November 21, 2018: Average rates on new credit card offers remained at a record high Wednesday, according to the CreditCards.com Weekly Credit Card Rate Report.
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Update: Some of the offers listed below may no longer be available or have expired as of Dec. 19, 2018.
Interest rates have climbed sharply in recent years as the Federal Reserve gradually increases its benchmark interest rate. Before this year, for example, the highest weekly average CreditCards.com had ever recorded was 16.24 percent.
In November 2015 – just before the Fed increased interest rates for the first time in years – the highest weekly average CreditCards.com had recorded was 15.22 percent.
Interest rates are expected to keep rising. After the Fed’s last rate-setting meeting, committee members predicted they would likely raise rates at least three more times before the end of 2019.
As a result, the average card APR could come close to 18 percent by 2020. When the Fed increases its benchmark interest rate, most lenders increase APRs on credit cards and other variable rate loans by the same amount.
See related:Historic credit card interest rates chart
Most issuers are leaving rates alone for now
Now that most issuers have finished matching the latest rate change, they appear to be taking a break from tweaking rates.
Every week, CreditCards.com evaluates the APRs, annual fees and promotional terms of 100 U.S. credit cards. Among the 100 cards included in the weekly rate report, most credit cards advertised the same rates as they did last week. As a result, the average card APR remained unchanged for the third consecutive week.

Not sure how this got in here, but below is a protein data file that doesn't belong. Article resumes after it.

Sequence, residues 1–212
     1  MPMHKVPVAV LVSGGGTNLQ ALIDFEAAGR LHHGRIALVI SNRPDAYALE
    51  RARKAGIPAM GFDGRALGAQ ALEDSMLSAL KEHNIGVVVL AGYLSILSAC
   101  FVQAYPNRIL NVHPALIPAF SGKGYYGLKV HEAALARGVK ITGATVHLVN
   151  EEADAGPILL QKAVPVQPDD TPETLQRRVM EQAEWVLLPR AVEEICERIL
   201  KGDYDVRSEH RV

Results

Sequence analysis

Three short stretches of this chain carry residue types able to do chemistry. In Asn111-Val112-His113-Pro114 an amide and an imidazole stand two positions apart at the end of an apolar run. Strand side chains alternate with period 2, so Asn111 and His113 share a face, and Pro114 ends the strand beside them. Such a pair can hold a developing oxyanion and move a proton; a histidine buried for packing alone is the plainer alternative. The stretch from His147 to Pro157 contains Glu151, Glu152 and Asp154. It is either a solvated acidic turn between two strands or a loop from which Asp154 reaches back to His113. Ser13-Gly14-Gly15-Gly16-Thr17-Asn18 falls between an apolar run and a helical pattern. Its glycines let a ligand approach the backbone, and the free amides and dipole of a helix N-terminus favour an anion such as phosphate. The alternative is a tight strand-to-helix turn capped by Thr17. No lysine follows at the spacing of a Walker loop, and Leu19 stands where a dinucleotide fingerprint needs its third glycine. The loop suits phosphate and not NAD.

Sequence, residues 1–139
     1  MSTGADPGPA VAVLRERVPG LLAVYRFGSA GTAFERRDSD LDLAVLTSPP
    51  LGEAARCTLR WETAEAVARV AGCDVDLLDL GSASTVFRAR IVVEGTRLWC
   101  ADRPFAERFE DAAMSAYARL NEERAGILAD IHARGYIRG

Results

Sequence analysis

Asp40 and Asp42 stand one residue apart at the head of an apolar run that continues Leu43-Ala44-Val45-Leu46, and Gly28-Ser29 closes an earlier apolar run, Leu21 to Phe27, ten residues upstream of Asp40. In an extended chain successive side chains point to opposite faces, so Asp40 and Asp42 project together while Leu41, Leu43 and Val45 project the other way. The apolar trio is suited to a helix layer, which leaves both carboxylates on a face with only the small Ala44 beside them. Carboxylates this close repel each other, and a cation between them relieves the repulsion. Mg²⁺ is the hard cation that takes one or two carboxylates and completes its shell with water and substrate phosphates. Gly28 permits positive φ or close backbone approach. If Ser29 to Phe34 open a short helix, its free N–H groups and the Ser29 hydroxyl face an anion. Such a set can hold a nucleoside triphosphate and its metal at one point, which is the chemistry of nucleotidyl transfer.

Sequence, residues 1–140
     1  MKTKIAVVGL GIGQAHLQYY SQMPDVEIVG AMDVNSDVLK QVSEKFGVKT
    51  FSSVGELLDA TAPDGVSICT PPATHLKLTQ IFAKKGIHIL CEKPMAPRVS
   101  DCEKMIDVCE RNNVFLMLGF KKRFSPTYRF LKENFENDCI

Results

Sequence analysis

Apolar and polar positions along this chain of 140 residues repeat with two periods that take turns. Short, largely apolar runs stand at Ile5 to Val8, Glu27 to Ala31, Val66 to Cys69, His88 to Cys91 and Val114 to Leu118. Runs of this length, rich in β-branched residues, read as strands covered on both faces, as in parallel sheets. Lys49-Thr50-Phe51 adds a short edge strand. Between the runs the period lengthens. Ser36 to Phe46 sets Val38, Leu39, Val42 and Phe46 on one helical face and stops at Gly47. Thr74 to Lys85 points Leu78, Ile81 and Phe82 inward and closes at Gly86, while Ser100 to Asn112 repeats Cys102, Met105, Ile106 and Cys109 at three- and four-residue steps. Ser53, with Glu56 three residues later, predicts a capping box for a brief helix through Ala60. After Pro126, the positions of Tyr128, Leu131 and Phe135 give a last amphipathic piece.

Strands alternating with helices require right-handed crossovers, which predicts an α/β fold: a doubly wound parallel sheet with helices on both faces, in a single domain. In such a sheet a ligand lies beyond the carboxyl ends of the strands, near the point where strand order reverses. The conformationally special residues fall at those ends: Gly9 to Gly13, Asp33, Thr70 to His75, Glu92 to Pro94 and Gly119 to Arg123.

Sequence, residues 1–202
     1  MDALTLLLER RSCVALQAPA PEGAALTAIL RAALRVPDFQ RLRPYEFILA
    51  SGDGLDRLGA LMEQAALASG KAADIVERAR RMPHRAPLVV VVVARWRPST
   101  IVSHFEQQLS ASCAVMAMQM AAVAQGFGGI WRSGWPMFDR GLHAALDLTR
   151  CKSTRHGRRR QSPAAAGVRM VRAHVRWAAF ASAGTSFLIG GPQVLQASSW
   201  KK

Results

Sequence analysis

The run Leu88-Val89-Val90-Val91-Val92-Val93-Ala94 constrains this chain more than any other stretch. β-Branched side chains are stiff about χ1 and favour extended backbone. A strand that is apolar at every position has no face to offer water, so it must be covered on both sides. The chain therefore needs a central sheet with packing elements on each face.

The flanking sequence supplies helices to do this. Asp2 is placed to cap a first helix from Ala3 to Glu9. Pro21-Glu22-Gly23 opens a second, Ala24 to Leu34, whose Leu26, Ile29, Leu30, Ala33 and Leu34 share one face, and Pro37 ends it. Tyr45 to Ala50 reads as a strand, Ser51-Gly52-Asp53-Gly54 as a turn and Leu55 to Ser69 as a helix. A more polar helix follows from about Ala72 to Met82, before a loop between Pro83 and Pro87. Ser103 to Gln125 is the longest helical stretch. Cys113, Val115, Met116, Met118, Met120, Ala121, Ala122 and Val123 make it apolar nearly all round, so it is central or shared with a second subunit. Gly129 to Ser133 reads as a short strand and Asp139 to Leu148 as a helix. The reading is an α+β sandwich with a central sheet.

Not all issuers are leaving rates alone, though.
Capital One floats higher rates, bigger sign-up bonuses
Capital One recently began advertising a substantially higher interest rate on some of its rewards cards, such as the Capital One Quicksilver Cash Rewards Credit Card and the Capital One Venture Rewards Credit Card. But not all applicants are being shown the same offer and so CreditCards.com didn’t include the change in its weekly report.
Occasionally, credit card issuers float new rates and other terms by presenting different terms to different computer users.
For example, some online applicants who apply for the Capital One Quicksilver card are currently being offered a range of APRs starting at 18.78 percent – which is well above the national average – and maxing out at 27.74 percent. Others are being offered a starting APR of 14.74 percent and a maximum APR of 24.74 percent.
Similarly, cardholders who apply for the Venture Rewards card from the Capital One website could be offered a minimum APR as high as 19.74 percent, which is five points higher than the lowest APR that’s being shown to other applicants.
In exchange for higher rates, it appears some applicants who are being shown the higher rate offers are also being granted juicier bonuses. Venture card applicants who apply for a card offer with a 19.74 percent minimum APR and a 27.74 percent maximum are being rewarded with a 75,000-mile bonus offer if they charge $5,000 within the card’s first three months. By contrast, Venture card applicants who are shown the much lower rate are only offered 50,000 bonus miles.
Click around before you settle on a card offer
The shift in credit card offers underscores just how important it may be for cardholders to click around and visit different websites before settling on an offer.
Some issuers have become much more aggressive in recent years about offering different terms to different computer users. As a result, you may be able to access a more favorable offer simply by clearing your cookies or visiting the same website with your browser in private mode. Or, you may see a better deal on a third-party website, such as CreditCards.com, than what’s currently being offered on an issuer’s site.
As issuers continue to shift more of their advertising dollars to online offers, consumers could see a significant increase in offers that vary dramatically from one another, depending on how and where you access them.
CreditCards.com’s Weekly Rate Report
|Avg. APR||Last week||6 months ago|
|Methodology: The national average credit card APR is comprised of 100 of the most popular credit cards in the country, including cards from dozens of leading U.S. issuers and representing every card category listed above. (Introductory, or teaser, rates are not included in the calculation.)|
|Updated: Nov. 21, 2018|